Lorde burst on to the scene three years ago with “Royals”, a self-penned pop hit that was all the more remarkable for her being just 17 when doing so. She took on the mantle of and up and coming international pop star with ease, and
Much like her first album “Pure Heroine”, her second outing “Melodrama” takes on a clear and defined theme that runs through all the tracks. The first album was about glamourizing the life of a typical teenager, searching for the big lights and fame that everyone dreams of. Even though she’s actually reached that stage, Lorde goes back to this feeling of time and place with a record all about the trials and tribulations of relationships.
In keeping with that, the album has a divergence between poppy and adrenaline fuelled songs that give it energy and then softer and more emotional and raw songs. This plays to Lorde’s strength, as her deep gravelly singing voice can carry a tune in either of these moments.
Leading the charge for the energy songs is the opener “Green Light”, being piano-driven and with the most openly pop-oriented vision of all. It’s a song about moving on and has a soaring but simple chorus that’s relatable and catchy all at once.
Another song that does this really well is “Supercut” – which has a similar building piano beat behind it but with quicker lyrics and a longer instrumental build to it. It’s maybe a little more scattered in its style but in a song about memories it suits quite well.
The slower songs are a bit more of a mixed bag. The highlight, and easily one of the best on the record, is “Liability” – which is almost like a sad lullaby of someone who feels let down and left out by a relationship gone wrong. It feels so real each time you hear it and is one of the best vocal displays on the album with each note packing a punch.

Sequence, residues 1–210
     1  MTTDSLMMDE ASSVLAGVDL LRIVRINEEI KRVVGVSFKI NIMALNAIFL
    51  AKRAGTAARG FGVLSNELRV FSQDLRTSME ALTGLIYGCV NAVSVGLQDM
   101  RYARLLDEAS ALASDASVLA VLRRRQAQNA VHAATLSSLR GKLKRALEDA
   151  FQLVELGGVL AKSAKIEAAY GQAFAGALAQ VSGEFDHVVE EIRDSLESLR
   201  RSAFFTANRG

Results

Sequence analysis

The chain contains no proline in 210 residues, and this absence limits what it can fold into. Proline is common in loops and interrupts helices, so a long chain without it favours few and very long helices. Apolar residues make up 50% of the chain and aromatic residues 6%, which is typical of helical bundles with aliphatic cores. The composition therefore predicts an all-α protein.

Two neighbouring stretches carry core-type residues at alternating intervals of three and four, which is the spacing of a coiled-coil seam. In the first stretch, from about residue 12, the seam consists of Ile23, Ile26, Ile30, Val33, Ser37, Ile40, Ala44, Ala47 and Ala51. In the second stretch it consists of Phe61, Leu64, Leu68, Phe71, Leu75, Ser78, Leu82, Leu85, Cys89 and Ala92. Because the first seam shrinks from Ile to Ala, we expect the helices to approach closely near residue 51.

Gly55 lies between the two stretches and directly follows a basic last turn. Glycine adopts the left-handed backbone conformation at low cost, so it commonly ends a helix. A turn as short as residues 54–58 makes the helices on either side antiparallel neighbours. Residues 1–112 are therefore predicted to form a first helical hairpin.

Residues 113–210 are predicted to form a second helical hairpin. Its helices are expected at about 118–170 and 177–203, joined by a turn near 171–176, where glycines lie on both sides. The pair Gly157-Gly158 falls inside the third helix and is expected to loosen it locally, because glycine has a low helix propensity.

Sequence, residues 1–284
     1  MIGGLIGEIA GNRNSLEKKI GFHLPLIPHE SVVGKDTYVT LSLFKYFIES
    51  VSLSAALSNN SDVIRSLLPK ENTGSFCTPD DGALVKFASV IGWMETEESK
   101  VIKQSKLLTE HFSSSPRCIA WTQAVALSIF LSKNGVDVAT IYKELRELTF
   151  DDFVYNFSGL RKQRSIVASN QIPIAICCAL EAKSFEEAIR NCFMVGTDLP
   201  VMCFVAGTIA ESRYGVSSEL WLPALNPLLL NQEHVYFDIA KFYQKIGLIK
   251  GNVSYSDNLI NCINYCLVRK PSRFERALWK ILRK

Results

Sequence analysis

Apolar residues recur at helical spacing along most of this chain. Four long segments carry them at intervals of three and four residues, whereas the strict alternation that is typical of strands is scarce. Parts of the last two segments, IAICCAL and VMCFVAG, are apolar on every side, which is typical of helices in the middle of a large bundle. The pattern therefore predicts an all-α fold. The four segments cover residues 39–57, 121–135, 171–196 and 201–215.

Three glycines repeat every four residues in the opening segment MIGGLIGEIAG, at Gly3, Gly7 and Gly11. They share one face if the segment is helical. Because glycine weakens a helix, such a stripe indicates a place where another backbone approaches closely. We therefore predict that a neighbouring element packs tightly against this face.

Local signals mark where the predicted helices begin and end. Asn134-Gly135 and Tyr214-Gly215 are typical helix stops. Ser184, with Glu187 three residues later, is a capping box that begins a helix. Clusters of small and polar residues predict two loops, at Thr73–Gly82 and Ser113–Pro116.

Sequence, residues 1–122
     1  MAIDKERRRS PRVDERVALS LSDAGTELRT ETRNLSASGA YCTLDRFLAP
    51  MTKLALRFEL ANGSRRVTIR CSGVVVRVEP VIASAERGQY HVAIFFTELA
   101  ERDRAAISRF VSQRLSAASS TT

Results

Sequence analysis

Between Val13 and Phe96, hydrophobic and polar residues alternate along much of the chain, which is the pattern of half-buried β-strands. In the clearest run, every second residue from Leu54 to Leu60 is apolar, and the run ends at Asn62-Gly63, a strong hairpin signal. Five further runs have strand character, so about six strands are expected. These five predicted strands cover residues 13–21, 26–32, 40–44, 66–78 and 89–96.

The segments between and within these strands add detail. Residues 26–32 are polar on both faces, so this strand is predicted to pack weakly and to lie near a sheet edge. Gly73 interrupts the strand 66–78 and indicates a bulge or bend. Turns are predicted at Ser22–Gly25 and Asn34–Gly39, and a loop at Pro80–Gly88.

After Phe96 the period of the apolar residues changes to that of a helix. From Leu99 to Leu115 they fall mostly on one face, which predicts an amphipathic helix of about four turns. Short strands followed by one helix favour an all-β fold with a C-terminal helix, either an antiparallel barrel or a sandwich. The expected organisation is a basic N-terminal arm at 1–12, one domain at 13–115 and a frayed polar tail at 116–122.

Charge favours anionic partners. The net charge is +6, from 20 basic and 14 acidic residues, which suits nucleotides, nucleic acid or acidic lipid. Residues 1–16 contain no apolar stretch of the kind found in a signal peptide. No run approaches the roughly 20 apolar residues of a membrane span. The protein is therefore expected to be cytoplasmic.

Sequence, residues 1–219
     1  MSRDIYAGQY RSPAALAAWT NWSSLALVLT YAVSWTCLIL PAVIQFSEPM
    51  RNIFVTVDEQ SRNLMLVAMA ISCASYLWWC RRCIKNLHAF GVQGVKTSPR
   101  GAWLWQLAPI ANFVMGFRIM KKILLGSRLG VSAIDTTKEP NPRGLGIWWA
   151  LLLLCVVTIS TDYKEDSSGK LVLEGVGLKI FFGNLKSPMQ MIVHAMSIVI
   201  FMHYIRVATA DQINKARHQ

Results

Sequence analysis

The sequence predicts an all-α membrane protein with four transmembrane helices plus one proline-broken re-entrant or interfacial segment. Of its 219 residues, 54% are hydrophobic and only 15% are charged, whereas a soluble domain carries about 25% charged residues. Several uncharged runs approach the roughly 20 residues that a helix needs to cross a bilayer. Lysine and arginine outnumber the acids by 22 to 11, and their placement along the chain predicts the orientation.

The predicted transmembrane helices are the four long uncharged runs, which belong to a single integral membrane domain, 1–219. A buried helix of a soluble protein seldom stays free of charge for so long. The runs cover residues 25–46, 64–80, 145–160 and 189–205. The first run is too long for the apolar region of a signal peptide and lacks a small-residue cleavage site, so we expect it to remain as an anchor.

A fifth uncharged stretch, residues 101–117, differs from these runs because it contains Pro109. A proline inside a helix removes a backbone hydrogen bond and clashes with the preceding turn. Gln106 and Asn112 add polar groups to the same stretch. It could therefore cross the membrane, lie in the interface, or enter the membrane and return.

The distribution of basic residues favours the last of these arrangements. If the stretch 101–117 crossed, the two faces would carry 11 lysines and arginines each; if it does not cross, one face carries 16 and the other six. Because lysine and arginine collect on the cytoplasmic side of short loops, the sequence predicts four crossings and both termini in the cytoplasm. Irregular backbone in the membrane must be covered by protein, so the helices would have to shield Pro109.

The other ones aren’t so good though, aiming in many ways to create more atmosphere rather than focus on the lyrics and the vocals. This can either be through the backing tracks being too loud (as in “Homemade Dynamite”) or simply through revisiting the themes of songs later – with “Sober” having a follow-up in “Sober II” and “Liability” having a “Liability (reprise)”. Neither of these new versions add much, and seems to be a bit of filler to make the album stretch over the 40 minute mark.
The album closer “Perfect Places” manages to combine the two styles of the album into one track and is arguably the best one the entire record. It’s a slower burn about finding the elusive perfect night, with slower more reflective parts, an energy-building bridge and then another simple anthemic chorus that’s perfect for a gig closer.
It’s impressive to do this well with albums twice in a row, and Lorde’s incredible talent as a song-writer and a singer with a unique and enticing voice can’t be underestimated. It’s just that she’s still figuring out which parts of her repertoire shine the brightest, but that’s pretty okay considering she’s only 20.
A good album and one packed with a couple of fantastic moments, but one that perhaps overindulges in dark and moody tones at times that take a little shine off things. So, in other words, it perfectly captures life in your late teens.